“Ireland has a long negative history when it comes to sex, sexuality, the body, and women. All of that history affects how we have viewed sex work in Ireland…Our language around sex and our comfort levels with talking about it still need to catch up with modern sex and sexuality” says West.
Some sex workers went with the option of working online, in an effort to avoid contracting Covid-19. However, this is not an option for many, especially those that gangs would routinely target.
“Some workers would go online but there’s a learning curve. You need privacy, a home, a computer etc, so street workers didn’t have that option,” West explains.
Less demand- more risks
While the government hoped to end sex work through the “end demand” approach, the pandemic has only proved that sex work will always be in demand. Whether this service is legal or illegal, safe or unsafe is another story.
“End-demand happened with Covid, and sex work happened too, just that workers were more desperate to provide for themselves and their families.”
Dr Paul Ryan is a sociologist in Maynooth University. He has written about male sex work and the digital age as well as researching the lives of sex workers under the 2017 law, along with Dr Kathryn McGarry.
Ryan explains that the pandemic has led to sex workers taking risks that they normally wouldn’t. “Sex workers are smart, they screen people as best they can. If your regular client base is gone, you are going to take more risks.”
Lack of access to healthcare
Ryan explains that while the 2017 law was sincere in its aims, it failed to recognise the existence of migrant workers within the state. “At the heart of it was a misunderstanding of what the 2017 law was” says Ryan.
“It was sold to politicians and to society as changing the burden in terms of criminalisation from the sex worker to the sex purchaser. That’s what the Nordic model is but actually what was introduced in Ireland is more of a U.S. model. It’s a double criminalisation,” he explains.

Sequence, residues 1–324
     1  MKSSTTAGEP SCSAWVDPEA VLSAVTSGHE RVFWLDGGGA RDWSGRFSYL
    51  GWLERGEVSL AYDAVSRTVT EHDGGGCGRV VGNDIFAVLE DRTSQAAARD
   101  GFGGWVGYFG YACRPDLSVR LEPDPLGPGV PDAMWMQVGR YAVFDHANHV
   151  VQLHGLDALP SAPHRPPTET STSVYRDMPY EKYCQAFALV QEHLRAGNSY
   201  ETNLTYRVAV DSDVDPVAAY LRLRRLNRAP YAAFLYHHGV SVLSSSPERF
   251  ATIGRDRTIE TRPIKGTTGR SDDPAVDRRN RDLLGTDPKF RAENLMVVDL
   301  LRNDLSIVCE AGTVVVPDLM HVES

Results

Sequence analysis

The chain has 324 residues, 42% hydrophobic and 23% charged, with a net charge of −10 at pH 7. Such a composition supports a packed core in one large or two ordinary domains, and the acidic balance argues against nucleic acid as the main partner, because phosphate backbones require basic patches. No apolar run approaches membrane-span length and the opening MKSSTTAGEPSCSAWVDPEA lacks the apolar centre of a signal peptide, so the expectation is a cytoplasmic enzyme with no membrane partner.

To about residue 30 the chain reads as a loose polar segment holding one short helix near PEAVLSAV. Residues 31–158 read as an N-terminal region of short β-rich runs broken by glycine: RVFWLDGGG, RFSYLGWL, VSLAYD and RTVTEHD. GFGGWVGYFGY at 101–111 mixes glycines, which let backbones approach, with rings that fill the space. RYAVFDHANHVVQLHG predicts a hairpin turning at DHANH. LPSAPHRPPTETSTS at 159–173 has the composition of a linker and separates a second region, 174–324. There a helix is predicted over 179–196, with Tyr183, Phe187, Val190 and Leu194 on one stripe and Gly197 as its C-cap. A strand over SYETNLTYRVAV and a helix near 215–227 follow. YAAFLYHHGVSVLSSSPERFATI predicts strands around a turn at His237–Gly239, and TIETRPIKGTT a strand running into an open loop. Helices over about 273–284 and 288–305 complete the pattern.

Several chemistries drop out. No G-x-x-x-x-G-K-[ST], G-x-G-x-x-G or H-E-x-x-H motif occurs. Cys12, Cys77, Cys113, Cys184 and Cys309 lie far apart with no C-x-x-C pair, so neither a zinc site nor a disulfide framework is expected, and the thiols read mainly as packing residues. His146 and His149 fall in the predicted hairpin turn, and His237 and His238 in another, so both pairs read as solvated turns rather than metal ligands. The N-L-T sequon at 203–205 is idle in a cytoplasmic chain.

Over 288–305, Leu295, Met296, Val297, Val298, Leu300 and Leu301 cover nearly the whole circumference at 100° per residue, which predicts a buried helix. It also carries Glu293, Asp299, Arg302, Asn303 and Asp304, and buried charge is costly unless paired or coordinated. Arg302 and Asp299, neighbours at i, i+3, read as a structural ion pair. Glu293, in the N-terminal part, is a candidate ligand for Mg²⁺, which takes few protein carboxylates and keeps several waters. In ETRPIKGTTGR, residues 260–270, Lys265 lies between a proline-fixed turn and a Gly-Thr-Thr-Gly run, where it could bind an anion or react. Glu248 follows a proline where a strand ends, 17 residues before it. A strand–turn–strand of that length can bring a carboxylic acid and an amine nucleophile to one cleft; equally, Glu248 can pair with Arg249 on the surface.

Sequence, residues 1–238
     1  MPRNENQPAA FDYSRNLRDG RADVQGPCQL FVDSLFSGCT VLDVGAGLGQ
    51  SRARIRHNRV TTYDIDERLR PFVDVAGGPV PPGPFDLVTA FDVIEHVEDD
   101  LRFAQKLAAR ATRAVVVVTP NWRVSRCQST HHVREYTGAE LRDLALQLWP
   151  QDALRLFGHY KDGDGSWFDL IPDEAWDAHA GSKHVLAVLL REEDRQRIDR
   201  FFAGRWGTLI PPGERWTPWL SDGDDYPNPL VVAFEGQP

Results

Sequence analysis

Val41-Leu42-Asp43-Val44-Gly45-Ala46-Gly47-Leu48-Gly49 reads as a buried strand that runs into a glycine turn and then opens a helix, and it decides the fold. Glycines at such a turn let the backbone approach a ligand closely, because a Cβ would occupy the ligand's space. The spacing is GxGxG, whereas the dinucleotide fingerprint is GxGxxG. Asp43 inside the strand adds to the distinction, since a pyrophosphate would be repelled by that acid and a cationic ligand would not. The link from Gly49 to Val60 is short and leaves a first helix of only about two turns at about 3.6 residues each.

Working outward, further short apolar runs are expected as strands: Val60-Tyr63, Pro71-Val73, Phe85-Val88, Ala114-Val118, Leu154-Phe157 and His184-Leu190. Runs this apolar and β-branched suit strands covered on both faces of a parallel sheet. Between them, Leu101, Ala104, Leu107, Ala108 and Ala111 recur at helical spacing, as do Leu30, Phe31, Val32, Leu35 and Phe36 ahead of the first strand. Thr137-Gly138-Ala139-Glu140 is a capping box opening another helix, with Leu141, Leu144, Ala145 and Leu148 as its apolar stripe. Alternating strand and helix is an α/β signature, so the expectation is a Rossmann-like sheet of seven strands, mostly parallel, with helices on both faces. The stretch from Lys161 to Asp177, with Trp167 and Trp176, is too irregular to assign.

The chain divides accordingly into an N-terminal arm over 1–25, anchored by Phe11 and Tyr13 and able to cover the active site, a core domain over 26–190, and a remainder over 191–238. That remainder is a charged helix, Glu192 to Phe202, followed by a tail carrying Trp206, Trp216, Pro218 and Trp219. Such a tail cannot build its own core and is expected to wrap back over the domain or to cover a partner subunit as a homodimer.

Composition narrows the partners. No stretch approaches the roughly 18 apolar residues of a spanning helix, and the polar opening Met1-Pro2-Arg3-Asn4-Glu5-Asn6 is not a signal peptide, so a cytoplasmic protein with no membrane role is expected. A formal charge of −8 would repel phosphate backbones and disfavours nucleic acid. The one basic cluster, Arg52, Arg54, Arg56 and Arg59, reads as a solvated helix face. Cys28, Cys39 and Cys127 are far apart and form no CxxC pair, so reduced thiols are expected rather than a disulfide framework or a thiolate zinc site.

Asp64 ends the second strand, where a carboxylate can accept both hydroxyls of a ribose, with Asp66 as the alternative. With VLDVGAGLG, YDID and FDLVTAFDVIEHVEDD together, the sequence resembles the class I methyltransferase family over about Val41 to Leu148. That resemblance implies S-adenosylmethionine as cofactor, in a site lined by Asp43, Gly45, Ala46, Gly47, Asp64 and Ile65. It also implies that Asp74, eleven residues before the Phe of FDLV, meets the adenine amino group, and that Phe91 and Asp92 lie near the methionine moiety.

Ryan discovered in the report that there is a clear disconnect between sex work and health professionals. In the same way that sex workers who are attacked are less likely to report the incident to the Gardaí, sex workers are not open with doctors and nurses for fear of serious consequences.
One example that stood out for both Ryan and Berry was that of a migrant worker who was ‘stealthed’ by a client, meaning the client removed the condom during sex. The sex worker presented at A&E looking for the post-exposure prophylaxis (PEP) treatment, a course of medicines taken to prevent HIV taking hold in your body after possible exposure.
She did not tell them she was a sex worker so was refused the drug on the basis that she was not high risk. “She looks for this because she deems her health is in danger and they say actually no, you can’t have it because you’re actually just having heterosexual sex. When of course if she had told them that she was a sex worker that would have been different,” discloses Ryan.
The move online
Some college students engage in sex work ranging from Only Fans to having sugar daddies. In a UK study 7 per cent of students said they had turned to sex work during the pandemic. In another study by ‘Save the Student’ 10 per cent of those interviewed would strongly consider sex work if they were in a financial emergency.
These activities can be fitted around their education and can be lucrative when, university fees are overdue and reading lists continue to get longer. Ryan explains that the pandemic has made the virtual side of the sex industry more appealing.
However, “a big social media following” is required for an OnlyFans to be economically successful. This form of sex work appears to be more socially acceptable without the risks of the attacks that have become all too prevalent.
“We’re still within the realm of sex work when we talk about OnlyFans. But certainly that is fast becoming almost a more acceptable form, more stigmaless form of sex work,” remarks Ryan.
Sex work has always been a part of society and always will be. World pandemics, religious codes and strict regional laws show that ending demand is impossible.
It is hoped that the review of the Irish legislation will be centered around sex workers and allow the people that the law will affect the most, to input their thoughts and opinions into an Ireland that shuffles away from a conservative past most would prefer to forget.
“There needs to be a wider conversation. Society needs to be a little bit more honest about this,” Ryan concludes.
Image Credit: Frederico Almeida
Originally published on 25/11/2020